Shweta: My career path has been an unconventional one, full of learnings about the evolving climate discourse in India. After starting out as a fledgling environment reporter, dabbling in development studies and public policy, my choice to work in this space has become a more focused one. A decade ago, it was a curiosity to move climate change out of science and peer-reviewed assessments, press briefings to inform a wider collective consciousness and policy action. I spent a decade working in one of India’s leading research and policy think tanks — CSTEP. A testament to the climate movement in India is that it’s actually called a sector or industry to work in! I work with a belief that the impact of climate change is all-pervasive affecting daily life, food systems, economies as we know it. We need all hands on deck to bend the curve — change our industrial systems, consumption systems, economies, investments. I hope that the sector moves leaps and bounds in the coming years — my hope is that through my work at ICC I can hasten collective action, catalyse and spur actions in underfunded spaces, contribute to an interconnected ecosystem!


Isha Chawla, Associate — Climate Solutions Platform


Isha: Somewhere along the way, the immensity of our planet found me. The way the Earth interacts with itself in an infinitely delicate balance; the way the sands of the Sahara feed the lush rainforests of the Amazon; the way the overturning currents of the Atlantic Ocean pull and draw the South Asian monsoon; the way trees communicate with each other through networks of fungi interlaced with their roots. And ever since I started learning about climate, I have been consumed by it — this Rubik’s Cube of humanity’s greatest challenge, and the universe of solutions embedded within it — solutions that reimagine our relationship with nature, and by extension, with ourselves.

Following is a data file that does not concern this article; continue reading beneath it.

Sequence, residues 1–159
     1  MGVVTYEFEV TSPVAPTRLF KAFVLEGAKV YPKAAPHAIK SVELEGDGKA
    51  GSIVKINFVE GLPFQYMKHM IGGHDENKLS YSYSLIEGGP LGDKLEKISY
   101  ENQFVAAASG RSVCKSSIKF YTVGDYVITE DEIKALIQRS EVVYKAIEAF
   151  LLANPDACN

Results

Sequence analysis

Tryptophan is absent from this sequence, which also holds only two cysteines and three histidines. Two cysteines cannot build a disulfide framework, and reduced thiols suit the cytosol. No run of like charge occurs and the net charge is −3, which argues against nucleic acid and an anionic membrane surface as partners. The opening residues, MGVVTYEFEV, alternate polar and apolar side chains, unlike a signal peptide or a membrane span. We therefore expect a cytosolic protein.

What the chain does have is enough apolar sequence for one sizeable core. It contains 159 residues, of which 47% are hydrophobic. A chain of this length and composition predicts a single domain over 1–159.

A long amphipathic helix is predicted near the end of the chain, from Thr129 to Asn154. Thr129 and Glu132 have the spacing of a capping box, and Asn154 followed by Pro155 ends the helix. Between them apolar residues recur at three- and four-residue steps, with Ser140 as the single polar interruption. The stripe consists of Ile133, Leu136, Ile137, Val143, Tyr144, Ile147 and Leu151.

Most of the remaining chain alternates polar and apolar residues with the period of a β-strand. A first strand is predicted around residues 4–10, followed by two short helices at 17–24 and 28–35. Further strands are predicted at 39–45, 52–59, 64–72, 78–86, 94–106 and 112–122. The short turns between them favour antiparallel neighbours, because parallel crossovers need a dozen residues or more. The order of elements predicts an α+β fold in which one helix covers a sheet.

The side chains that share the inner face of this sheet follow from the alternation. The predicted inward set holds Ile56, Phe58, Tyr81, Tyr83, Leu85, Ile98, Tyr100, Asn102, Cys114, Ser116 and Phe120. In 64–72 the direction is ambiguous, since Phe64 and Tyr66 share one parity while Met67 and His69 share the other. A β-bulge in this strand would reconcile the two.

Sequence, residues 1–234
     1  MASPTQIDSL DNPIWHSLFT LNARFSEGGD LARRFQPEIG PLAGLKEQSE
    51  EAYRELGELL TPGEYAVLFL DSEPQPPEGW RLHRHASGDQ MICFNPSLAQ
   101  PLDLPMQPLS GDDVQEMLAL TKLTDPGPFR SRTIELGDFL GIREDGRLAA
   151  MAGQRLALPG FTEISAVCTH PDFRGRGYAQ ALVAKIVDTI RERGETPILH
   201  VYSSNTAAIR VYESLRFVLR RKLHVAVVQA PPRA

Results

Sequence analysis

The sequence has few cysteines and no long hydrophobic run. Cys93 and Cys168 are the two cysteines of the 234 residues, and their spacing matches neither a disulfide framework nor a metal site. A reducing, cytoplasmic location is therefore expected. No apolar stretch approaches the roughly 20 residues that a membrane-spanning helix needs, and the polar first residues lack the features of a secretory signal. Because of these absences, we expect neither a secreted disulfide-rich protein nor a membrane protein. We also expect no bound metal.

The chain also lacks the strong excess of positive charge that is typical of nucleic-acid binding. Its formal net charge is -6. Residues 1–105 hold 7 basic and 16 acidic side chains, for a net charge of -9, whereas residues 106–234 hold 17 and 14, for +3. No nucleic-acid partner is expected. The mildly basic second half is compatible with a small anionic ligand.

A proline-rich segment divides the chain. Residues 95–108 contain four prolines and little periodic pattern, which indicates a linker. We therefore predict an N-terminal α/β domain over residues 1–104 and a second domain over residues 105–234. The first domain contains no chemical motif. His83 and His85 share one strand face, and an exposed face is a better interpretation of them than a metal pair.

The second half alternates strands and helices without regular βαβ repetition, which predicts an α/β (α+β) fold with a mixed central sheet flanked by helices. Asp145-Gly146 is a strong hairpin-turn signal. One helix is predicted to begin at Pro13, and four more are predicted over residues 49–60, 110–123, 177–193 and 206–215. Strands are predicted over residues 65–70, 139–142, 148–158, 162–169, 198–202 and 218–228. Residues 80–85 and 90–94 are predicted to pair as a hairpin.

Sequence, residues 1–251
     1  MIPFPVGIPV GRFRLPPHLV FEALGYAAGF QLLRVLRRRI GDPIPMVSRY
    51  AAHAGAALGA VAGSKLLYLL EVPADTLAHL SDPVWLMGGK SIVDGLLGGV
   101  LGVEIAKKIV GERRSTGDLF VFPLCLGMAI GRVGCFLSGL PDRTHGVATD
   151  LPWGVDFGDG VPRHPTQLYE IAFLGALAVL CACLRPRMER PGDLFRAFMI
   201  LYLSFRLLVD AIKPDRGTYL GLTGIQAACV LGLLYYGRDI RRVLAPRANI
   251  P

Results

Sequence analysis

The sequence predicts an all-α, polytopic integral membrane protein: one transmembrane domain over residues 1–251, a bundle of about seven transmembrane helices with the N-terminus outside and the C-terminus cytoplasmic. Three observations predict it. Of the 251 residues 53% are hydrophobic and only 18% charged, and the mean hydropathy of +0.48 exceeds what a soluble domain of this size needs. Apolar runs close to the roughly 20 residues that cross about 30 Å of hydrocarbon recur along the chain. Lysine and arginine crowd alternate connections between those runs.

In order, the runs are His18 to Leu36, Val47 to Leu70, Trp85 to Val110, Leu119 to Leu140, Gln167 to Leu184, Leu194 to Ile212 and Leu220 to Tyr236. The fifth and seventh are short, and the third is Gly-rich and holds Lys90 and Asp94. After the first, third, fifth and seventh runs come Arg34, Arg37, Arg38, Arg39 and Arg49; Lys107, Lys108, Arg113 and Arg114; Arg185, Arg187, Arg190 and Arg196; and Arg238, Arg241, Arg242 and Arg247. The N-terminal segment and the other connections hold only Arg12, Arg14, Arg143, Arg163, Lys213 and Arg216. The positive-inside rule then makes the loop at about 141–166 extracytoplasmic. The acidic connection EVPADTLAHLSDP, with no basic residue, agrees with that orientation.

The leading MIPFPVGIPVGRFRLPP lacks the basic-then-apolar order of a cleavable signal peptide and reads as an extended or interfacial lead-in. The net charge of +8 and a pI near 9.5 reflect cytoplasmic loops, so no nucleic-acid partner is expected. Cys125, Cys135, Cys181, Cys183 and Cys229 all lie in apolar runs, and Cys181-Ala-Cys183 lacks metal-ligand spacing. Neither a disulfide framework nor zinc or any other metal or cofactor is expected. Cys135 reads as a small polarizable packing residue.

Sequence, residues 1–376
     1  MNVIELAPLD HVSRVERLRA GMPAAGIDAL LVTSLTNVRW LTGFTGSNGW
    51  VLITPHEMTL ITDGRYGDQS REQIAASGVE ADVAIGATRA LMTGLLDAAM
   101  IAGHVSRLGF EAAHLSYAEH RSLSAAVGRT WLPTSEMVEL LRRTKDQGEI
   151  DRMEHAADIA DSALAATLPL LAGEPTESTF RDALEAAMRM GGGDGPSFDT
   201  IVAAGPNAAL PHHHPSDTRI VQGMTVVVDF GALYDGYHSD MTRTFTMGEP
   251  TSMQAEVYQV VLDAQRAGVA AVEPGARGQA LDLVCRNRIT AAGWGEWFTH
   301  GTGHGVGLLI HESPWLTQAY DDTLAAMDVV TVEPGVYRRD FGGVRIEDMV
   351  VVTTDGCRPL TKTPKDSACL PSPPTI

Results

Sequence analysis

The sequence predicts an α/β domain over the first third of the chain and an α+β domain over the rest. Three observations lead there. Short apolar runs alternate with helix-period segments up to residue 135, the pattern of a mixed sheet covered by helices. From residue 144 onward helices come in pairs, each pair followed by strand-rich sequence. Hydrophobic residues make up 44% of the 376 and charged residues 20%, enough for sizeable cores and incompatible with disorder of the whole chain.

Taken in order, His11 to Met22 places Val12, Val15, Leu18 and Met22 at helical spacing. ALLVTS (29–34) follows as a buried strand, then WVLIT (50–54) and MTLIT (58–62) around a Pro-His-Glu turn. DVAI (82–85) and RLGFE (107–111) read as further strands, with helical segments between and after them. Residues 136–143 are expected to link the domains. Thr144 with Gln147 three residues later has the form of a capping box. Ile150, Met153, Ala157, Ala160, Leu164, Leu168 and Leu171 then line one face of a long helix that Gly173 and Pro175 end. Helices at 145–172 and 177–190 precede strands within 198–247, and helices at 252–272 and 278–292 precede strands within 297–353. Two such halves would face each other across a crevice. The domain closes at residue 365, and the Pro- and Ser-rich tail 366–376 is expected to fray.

Padma Venkataraman, Communications Associate


Padma: Whether in the most pristine landscapes, or in our interactions with the tiniest and largest animals, we are surrounded by diverse forms of life. This is a crucial reminder, for human thought often puts humans first. The climate crisis, however, makes us question the relative importance of the human species on this planet, prompting us to investigate issues we may otherwise avoid. What values guide humankind? If our current practices harm others, do our short lives on this planet have meaning? If we aren’t here to dominate the planet, why are we here then? The climate crisis is an unavoidable opportunity for self-reflection for our entire species, and I want to help look back and forward and find our collective purpose on Earth — one that is fair and kind to our fellow creatures and ecosystems.

Krishnapriya J, Intern


KP: Growing up, I was surrounded by all things untouched, unrefined, and unadulterated. The world around me was clean and green, and my happiness was rooted in these qualities. The possibility of a reality that is the antithesis of my childhood is upsetting and I want to do what I can to fight for my childhood, and my future.



Lia Swaminathan, Intern


Lia: Climate change is undoubtedly the most pressing challenge of our time, as evidenced by the devastating impact it has wreaked across every continent. In the coming decades, mitigating and adapting to climate change is expected to take centre stage on the global agenda. My deep passion for contributing to this urgent cause and advancing climate action, coupled with the exceptional challenge and fulfilment of working to solve a problem of such widespread significance, fuels my desire to work in the climate sector. I am eager to play an active role in driving positive change and creating sustainable solutions that can help mitigate the impact of climate change. Being a part of this worthy purpose is a journey I would like to embark upon.